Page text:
The radiator may have any conventional form, either integral with the housing or remote therefrom. If integral with the housing, the radiator should have sufficient internal surface area for suitably extracting heat from the coolant fluid. For example, FIG. 5 illustrates a spiral conduit in the housing below the fins for increasing heat transfer and heat extraction from the coolant circulating therethrough.

In this regard, a suitable fan 62 is operatively joined to the common motor 52 at an exposed end of its drive shaft for drawing cooling air 60 over the radiator fins. As shown in FIG. 1, the fan 62 may be suitably located inside the cabinet 16 for discharging air therefrom, with air therein being replaced by ambient room air entering through a suitable louvre 64 mounted in the cabinet. In this way, the cooling air 60 is forced to flow through the cabinet 16 and provides air cooling of the main board 18 as well as cooling of the radiator fins 58 for in turn cooling the coolant 32 circulating through heat sink 26. The liquid cooling of the processor 20 by the heat sink 26 has considerably greater heat dissipation potential than that of forced cooling air.

The cooling circuit 22 illustrated in FIGS. 1-4 is relatively compact and hermetically sealed. Undesirable leakage of the pumping fluid is therefore prevented for ensuring long life operation. The valveless pump pressurizes its own journal bearing and provides contactless operation with minimal friction. The cooling system may therefore have high reliability and long life, and is externally powered by the motor 52. That motor 52 itself may have any suitable design for providing corresponding reliability and long life.

FIG. 5 illustrates schematically an alternate embodiment of the hermetic pump illustrated in FIG. 3. In this embodiment, the driving motor is integrated with the pump and includes a stator or drive coil 52 a disposed in a portion of the housing 36 surrounding the rotor 50 for cooperating therewith. The rotor 50 has suitable, circumferentially spaced apart magnetic poles 50 a which cooperate with magnetic force generated in the drive coil 52 a as it is suitably commutated. The drive coil thusly magnetically cooperates with the rotor for rotation thereof during operation in a fully enclosed housing 36 without contacting friction bearings or through shafts.

FIG. 5 also illustrates an alternate embodiment of the pumping impeller in the form of a centrifugal pump having a plurality of circumferentially spaced apart radial impeller vanes 48 b mounted on a backing plate or disk and disposed in a complementary portion of the housing 36, and spaced apart therefrom. As the impeller rotates during operation, the fluid 32 is spun centrifugally outwardly for pressurization thereof for flow through the conduits 28,30 in recirculation through the heat sink 26. A portion of the pressurized fluid may leak around the impeller for feeding fluid to the journal bearing between the journal 46 and the housing bore. The return channel 54 may again extend through the center of the shaft 44 for returning the journal bearing fluid to the inlet side of the impeller for recirculation. Much higher flow rates are possible with a centrifugal pump than with a screw pump, with use of the former ideally suited for kilowatts of cooling capacity.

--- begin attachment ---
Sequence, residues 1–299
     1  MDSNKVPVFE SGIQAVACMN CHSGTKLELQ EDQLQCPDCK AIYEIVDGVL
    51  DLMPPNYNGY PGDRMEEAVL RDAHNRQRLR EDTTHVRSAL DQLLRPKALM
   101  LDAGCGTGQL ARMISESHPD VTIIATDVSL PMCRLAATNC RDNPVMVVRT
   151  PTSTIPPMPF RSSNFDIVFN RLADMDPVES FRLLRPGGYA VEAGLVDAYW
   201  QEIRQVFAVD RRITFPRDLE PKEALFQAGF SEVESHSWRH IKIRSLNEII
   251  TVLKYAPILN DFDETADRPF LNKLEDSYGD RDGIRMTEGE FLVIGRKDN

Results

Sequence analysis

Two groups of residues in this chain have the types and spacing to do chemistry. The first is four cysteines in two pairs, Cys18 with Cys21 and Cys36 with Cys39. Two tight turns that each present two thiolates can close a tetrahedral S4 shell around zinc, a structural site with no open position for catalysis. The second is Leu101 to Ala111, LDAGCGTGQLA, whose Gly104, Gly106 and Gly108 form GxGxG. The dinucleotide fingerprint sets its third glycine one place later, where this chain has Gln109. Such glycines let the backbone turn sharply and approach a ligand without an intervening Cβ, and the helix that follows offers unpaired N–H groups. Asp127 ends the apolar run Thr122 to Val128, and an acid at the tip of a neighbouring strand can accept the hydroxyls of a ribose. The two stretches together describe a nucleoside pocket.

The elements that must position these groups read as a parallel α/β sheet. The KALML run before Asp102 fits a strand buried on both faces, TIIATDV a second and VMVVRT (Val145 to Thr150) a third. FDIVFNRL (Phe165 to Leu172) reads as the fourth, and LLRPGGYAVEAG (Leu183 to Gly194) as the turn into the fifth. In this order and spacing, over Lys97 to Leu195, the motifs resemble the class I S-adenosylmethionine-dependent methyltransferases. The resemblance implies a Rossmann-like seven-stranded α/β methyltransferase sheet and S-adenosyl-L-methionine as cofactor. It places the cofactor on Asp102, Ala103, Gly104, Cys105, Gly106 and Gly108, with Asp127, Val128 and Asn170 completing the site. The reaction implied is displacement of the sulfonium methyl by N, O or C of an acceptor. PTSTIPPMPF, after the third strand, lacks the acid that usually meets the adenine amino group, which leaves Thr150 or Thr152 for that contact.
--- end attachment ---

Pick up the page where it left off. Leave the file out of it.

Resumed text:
The improved cooling circuit 22 disclosed above in various embodiments provides a highly reliable, hermetic system for cooling the computer processor 20 with a liquid coolant for substantially increasing heat dissipation therefrom. The cooling system may be relatively compact in view of its greater heat transfer capability than forced air cooling, and may be sized and configured for various applications including the personal computer illustrated, as well as laptop computers and other configurations as desired. The hermetic, self pressurizing pump itself may be used in other applications as desired. The impeller and its supporting shaft are fluidically supported without contacting the surrounding housing for obtaining frictionless operation without leak initiation sites, and without flow valves.

While there have been described herein what are considered to be preferred and exemplary embodiments of the present invention, other modifications of the invention shall be apparent to those skilled in the art from the teachings herein, and it is, therefore, desired to be secured in the appended claims all such modifications as fall within the true spirit and scope of the invention.

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Classifications
U.S. Classification361/699, 310/104, 361/679.48, 417/420, 361/679.54, 165/104.33, 361/679.53
International ClassificationH02K7/14, H05K7/20, F04D29/06, F04D13/02, H02K7/08, F04D3/02, G06F1/20, F04D29/04, F04D29/043, F04D29/047
Cooperative ClassificationF28D2015/0291, F04D3/02, F04D13/024, H02K7/14, G06F1/20, F04D29/047, F04D29/061, F04D29/043, F16C33/107, H02K7/085, H05K7/20272
European ClassificationF16C33/10L5G, G06F1/20, F04D29/06P, H02K7/14, F04D3/02, H02K7/08D, F04D13/02B3, F04D29/043, F04D29/047, H05K7/20D7
Legal Events
DateCodeEventDescription
May 14, 1999ASAssignment
Owner name: INTERNATIONAL BUSINESS MACHINES CORPORATION, NEW Y
Free format text: ASSIGNMENT OF ASSIGNORS INTEREST;ASSIGNORS:GOLDOWSKY, MICHAEL P.;CHIU, GEORGE L.;MOK, LAWRENCE S.;AND OTHERS;REEL/FRAME:009978/0556;SIGNING DATES FROM 19990507 TO 19990512
Jul 12, 2004FPAYFee payment
Year of fee payment: 4
Oct 6, 2008REMIMaintenance fee reminder mailed
Mar 27, 2009LAPSLapse for failure to pay maintenance fees
May 19, 2009FPExpired due to failure to pay maintenance fee
Effective date: 20090327